"Pardon?" Elwing's thin brows rose, and Eärendil stared at her, waiting for his question to register. "Would you like me to light them?"

"You cannot…just light them," Elwing shook her head quickly, "It…it takes awhile. You should go home."

"I have time," Eärendil shrugged, producing the flint and coming to stand next to her, "Which is which?"

Elwing had reached into the folds of her wrap for the wooden candle floats, gaping a bit at Eärendil, "What do you mean?"

"Which candle is for which brother?" Eärendil watched as the girl pushed a candle into each light float, her hands trembling. He wondered if she shook because she was cold, or because she was upset, and he thought it might be a bit of both. He softened his tone, looking at her and waiting for her to glance up at him, "You had two, correct?"

"Yes," Elwing answered softly, not looking up. She gathered the candles in their floats and walked to the water's edge, where the waves were lapping at the sand and leaving it dark as they drew away, "I…I do not remember them very well, not anymore. But I miss them."

"I am sorry," Eärendil knelt next to the floats, attempting to spark the wick of one candle. He had never lit something so small as a candle with flint before, and wondered if Elwing had planned to use something else. Both he and Elwing were silent while he fumbled, and then finally the yellow candle's wick went aflame, and Elwing held lit the blue from it. Then carefully she placed both on the water, watching them bob up and down. "We always speak until we cannot see them anymore," Elwing whispered, sitting on her heels and wrapping her hands in the muted purple cloth of her skirt, "You can go now."

"A fine Midwinter, brothers of Elwing," Eärendil faced the water instead, staring fixedly at the flickering flames of the candles, "Your sister is fair, and good."

"Their names are Eluréd and Elurín," Elwing whispered again, a bit shakily, giving Eärendil a long look, and feeling oddly pleased when his gaze did not leave the water. She looked to the candles, speaking softly, "It is winter here, but not nearly so cold as in Doriath. I like the warmth of the summer, when there are birds and when the sun beats upon the sand, and filters through the windows of the house. I do not know if you have Midwinter in Mandos, or Valinor, or…or wherever you are…"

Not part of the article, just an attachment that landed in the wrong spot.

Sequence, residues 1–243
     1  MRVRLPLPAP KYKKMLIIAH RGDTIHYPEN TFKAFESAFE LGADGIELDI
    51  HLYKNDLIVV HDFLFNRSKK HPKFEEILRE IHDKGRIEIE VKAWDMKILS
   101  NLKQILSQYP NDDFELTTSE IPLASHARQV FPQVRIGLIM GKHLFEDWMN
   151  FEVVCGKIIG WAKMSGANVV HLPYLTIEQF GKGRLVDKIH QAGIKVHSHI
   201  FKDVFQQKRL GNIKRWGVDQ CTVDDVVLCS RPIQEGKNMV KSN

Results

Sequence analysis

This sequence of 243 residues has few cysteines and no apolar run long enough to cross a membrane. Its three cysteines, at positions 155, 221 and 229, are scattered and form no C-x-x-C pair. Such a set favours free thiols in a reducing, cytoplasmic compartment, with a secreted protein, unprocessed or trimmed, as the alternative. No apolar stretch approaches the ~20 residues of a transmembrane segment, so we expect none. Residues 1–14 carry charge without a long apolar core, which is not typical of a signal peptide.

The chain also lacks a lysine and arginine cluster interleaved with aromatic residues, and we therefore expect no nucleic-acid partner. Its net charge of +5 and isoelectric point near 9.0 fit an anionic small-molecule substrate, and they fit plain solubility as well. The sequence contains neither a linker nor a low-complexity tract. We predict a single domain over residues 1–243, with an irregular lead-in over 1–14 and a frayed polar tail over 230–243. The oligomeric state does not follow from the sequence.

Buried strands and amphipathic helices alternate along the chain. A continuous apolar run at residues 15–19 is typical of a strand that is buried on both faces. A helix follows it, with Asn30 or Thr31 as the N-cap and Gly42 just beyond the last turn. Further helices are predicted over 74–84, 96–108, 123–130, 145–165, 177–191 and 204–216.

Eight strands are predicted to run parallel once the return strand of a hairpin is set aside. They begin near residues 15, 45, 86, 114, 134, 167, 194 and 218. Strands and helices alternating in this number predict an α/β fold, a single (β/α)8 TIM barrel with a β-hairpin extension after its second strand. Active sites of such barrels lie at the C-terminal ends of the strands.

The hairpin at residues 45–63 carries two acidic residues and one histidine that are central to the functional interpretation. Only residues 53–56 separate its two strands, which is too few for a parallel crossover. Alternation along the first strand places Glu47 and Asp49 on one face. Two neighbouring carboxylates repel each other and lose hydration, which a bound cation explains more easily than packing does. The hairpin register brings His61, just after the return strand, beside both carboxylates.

Eärendil listened to Elwing's voice falter, and knelt in the sand next to her, following the candles with his eyes. Finally Elwing began once again, her words coming slowly and with determination, "I remember one Midwinter in Doriath, but I do not remember if it was…the last one…or if it was before. Eluréd was pulling me upon a blanket, a green one, and Elurín was singing a song. We went up the stairs, the very long set of them, to the windows, and we lit our Midwinter candles, and Eluréd said he hoped that they burned through the whole night so that we would be allowed to blow them out in the morning. They did not last, of course, but it was nice…

"I wish we could have more Midwinters like that. I wish we could have this one. It is just Dareada and me…I do not remember Adar and Naneth, really, but I remember both of you, and it would be nice to have you here. We are lighting candles tonight, and we are going to put them in the windows, like we always have."

Elwing's breath caught as Eärendil began to lose sight of the small flames, and he heard her rush to get in the last few words, "May Varda's stars shine brightly upon you this Midwinter, and may her light broaden where you are."

"Farewell," Eärendil whispered, feeling that perhaps he should have gone home as Elwing had suggested. She had not said very much, but there was only so much she could say when she could not remember very much, and he felt that this was hers, and not his own. He was surprised when she rose quickly from the ground, dusting the sand from her skirt and smiling as she began walking.

"That is done now," she said briskly, making her way to the path that led to her house, "A fine Midwinter to you, Eärendil."

"Thank you," Eärendil pushed himself up, a bit confused at her swift change until he noticed that her eyes were rather glimmery and wet, "Elwing…I am sorry."

"Do not be," she shrugged, adjusting her wrap, "What is done is done. We were little."

"Elwing," Eärendil searched his mind for something to say, following her up the slope with its shifting sand and frosted, patchy grass, "We are lighting candles at my house too. They are…my mother buys very large ones."

"That is nice," Elwing drew in a long breath, sniffling a bit. Eärendil could tell that she thought his statement rather stupid, and hurried to catch up with her, laying a hand on her arm.

"They are always still burning in the morning," he explained hastily, "If you would like to come…to come and blow them out with me."